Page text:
For any questions or comments directed at Bear, feel free to write to him using this email: justasinglebear@gmail.com

You can also now use Tumblr to address questions to Bear. Also, you can find bear photos and such on Bear’s Instagram, and don’t forget to “like” Bear on Facebook.

Letting others get to know me.

I try to collect the stories and experiences of others in the forest, but I almost always fail. No matter how much I ask others in the forest (trees, rocks, raccoons, the sky, the moon, squirrels, not deer), my questioning is practically always met with nothing resembling explained experiences or stories of life in the forest. I might get the occasional hiss or screech, but those stories are hard to comprehend, difficult to put together.

My constant failure has led to me feeling like I cannot truly understand any other creature in the forest. Of course, they do not owe me their forest stories, but not knowing any other creature’s story makes me feel all the more isolated when I consider my own story. I then had a thought: why not share me own story? If other forest creatures are unable or unwilling to share their stories, maybe they would like to know mine instead?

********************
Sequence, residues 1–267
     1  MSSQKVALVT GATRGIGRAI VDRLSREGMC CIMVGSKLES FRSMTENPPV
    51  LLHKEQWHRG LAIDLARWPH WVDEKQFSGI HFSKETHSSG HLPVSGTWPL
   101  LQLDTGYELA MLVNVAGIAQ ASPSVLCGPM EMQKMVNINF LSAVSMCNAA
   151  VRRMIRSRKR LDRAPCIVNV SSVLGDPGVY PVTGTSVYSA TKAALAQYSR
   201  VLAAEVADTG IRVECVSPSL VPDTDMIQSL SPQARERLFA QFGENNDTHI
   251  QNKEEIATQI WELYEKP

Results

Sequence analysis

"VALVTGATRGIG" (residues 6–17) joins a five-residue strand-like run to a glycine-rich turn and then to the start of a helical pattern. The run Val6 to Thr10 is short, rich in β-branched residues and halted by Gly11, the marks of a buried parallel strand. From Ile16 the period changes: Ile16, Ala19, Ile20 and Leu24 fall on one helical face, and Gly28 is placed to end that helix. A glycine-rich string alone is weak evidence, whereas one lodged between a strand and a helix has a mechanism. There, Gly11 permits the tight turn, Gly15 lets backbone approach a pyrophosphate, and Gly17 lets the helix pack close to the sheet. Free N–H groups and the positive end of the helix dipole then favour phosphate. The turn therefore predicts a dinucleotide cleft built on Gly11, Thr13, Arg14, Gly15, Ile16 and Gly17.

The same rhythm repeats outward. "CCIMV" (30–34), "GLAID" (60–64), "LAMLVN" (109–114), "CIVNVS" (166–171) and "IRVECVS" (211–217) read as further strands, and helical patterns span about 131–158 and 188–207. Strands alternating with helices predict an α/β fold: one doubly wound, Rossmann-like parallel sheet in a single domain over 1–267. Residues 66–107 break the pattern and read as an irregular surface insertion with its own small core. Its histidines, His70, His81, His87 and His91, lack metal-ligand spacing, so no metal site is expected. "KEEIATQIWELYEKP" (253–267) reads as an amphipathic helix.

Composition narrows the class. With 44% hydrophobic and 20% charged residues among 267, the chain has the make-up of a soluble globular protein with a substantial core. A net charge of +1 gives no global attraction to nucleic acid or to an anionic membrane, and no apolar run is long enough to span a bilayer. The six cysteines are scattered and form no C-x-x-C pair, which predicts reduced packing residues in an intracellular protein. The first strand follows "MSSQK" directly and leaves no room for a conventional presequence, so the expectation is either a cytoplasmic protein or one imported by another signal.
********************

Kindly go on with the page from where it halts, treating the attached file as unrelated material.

It was something I had certainly tried in the past, but I had never really put a whole lot of energy into it. I have told my tales to trees and rocks and other things that would listen, but never with intent and cohesion. Past trials of sharing my stories were much more informal, almost as though I had been speaking to myself. I wanted to try something new, though.

I decided that I would share important life events with my fellow forest creatures. They would be structured and short, easily consumable by a listening party. Once I had my stories straight, I would go about the forest and share them with whoever would listen.

I decided these three stories about my life in the forest would be best to share given their brevity and importance to me: